Photoshop

Deciding on Brush Settings

Once the object is isolated, the next step is to properly set your paintbrush. You'll want to set up your paintbrush tool to match the perspective of the object for which you are creating the shadow. For instance, if the object is a straight-on side view, like the donut in Figure 2-14, you'll want the brush to be very slim and narrow.

Figure 2-14. The brush set to a straight-on side view perspective

If the object is seen in a bird's eye view, as in Figure 2-15, the brush should be wider.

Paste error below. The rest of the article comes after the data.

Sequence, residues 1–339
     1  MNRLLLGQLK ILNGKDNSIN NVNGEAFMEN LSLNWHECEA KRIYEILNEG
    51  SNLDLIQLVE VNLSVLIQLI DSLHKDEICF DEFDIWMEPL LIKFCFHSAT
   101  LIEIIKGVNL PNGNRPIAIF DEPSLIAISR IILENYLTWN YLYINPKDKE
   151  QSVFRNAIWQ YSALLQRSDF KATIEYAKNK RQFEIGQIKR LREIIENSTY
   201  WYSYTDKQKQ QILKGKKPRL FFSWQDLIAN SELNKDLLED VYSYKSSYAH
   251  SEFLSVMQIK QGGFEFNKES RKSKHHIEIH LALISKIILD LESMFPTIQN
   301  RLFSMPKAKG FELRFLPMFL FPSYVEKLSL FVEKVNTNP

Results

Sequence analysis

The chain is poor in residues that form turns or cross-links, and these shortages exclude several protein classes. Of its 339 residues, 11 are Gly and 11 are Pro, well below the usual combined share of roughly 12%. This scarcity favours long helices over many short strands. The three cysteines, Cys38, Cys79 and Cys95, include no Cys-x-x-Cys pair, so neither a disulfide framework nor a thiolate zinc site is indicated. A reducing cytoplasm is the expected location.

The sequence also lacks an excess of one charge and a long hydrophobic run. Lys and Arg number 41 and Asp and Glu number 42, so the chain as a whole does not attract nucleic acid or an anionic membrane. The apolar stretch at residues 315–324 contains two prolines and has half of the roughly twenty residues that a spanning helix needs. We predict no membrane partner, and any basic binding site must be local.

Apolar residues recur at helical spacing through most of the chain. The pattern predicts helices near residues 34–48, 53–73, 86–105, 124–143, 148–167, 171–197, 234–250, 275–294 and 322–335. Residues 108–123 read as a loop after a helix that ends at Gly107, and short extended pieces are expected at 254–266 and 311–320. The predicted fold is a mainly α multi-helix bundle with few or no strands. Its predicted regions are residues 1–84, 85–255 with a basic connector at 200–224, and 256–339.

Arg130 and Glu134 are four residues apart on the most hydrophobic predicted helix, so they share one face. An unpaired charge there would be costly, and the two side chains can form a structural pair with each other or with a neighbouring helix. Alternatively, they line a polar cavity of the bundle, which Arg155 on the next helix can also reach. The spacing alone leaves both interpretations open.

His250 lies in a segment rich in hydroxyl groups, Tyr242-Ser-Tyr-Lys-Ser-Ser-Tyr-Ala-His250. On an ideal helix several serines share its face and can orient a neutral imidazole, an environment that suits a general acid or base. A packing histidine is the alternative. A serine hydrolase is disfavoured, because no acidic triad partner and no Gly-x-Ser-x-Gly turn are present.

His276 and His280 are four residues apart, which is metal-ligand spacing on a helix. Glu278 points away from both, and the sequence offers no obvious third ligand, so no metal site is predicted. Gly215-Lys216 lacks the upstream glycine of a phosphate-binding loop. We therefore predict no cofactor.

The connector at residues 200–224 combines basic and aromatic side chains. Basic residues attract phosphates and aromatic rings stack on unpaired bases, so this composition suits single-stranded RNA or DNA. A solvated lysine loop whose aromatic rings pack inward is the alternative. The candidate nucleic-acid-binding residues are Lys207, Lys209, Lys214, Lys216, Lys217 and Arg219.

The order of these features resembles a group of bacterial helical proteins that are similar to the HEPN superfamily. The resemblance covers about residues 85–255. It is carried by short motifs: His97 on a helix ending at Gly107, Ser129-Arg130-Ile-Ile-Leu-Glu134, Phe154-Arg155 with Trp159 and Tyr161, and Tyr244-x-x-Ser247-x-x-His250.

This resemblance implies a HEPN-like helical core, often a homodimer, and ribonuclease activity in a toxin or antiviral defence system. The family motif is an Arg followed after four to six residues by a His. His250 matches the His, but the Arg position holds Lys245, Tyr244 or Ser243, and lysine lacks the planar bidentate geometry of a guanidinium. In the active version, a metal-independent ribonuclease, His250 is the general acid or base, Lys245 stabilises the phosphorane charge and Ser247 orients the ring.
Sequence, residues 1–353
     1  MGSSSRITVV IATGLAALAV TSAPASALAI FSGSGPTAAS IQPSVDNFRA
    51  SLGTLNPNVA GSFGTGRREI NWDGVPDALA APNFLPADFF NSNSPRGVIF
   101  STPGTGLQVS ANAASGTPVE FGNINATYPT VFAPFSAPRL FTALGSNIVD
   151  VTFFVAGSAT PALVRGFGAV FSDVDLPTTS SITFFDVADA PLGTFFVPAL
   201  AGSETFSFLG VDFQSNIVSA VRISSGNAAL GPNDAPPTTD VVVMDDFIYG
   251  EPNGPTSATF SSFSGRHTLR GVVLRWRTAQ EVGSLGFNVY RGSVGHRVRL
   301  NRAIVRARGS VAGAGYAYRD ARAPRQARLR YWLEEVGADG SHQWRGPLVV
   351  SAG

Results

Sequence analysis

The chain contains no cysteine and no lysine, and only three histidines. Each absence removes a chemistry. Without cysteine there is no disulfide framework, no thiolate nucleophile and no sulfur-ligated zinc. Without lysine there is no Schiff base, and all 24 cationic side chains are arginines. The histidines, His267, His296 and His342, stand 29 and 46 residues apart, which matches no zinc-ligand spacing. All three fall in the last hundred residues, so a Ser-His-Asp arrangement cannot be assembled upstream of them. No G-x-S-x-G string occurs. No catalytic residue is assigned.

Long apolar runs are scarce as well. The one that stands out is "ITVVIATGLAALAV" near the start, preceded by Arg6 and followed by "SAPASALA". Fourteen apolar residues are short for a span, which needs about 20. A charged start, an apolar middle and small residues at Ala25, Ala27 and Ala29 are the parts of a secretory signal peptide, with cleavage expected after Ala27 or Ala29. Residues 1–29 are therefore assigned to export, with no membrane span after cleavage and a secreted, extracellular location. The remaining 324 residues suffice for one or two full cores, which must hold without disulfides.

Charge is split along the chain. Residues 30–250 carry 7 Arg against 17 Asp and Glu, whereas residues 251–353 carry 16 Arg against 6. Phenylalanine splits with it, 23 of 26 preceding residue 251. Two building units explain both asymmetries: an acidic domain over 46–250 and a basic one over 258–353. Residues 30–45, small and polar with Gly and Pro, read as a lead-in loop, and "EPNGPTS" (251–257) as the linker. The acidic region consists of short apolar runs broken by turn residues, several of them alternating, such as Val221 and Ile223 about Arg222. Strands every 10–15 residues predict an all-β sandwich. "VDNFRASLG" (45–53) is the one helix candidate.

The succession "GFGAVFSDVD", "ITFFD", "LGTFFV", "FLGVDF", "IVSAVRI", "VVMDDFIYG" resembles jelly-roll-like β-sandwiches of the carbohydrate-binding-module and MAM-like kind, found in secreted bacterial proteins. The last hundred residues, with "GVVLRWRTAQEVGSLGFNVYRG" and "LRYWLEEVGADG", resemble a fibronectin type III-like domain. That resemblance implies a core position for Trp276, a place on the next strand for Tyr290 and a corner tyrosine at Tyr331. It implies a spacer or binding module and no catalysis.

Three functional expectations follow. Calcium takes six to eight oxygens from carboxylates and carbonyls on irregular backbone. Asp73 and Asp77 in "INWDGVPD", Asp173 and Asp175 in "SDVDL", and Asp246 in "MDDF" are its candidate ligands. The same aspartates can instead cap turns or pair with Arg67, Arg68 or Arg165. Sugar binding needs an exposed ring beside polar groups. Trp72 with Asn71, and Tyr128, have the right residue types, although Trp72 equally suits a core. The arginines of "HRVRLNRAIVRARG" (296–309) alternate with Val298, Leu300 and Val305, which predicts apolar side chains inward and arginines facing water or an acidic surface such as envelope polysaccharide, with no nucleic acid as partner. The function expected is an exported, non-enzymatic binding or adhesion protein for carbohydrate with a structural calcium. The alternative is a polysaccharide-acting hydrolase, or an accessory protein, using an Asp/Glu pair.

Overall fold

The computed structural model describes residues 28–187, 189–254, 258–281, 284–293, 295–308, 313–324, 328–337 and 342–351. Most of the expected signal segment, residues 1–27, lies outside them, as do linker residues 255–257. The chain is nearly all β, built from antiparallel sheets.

Figure 2-15. The brush set for a bird's eye view

If the object is shot from the top, you'll want the brush to be round, as in Figure 2-16.

Figure 2-16. The brush set for a top view

Once I choose the brush for the proper perspective, it is very rare that I will change my brush rotation to anything other than perfectly horizontal. I rarely ever rotate my brush when I brush in a shadow. I have found that if you turn the brush at all, the shadow does not work out.


When I use a mouse for creating shadows, I set the brush attributes to the softest edges and the pressure opacity to about 20%. If you are using a pen and tablet, you have control over the pressure as you go.
by BrainBellupdated
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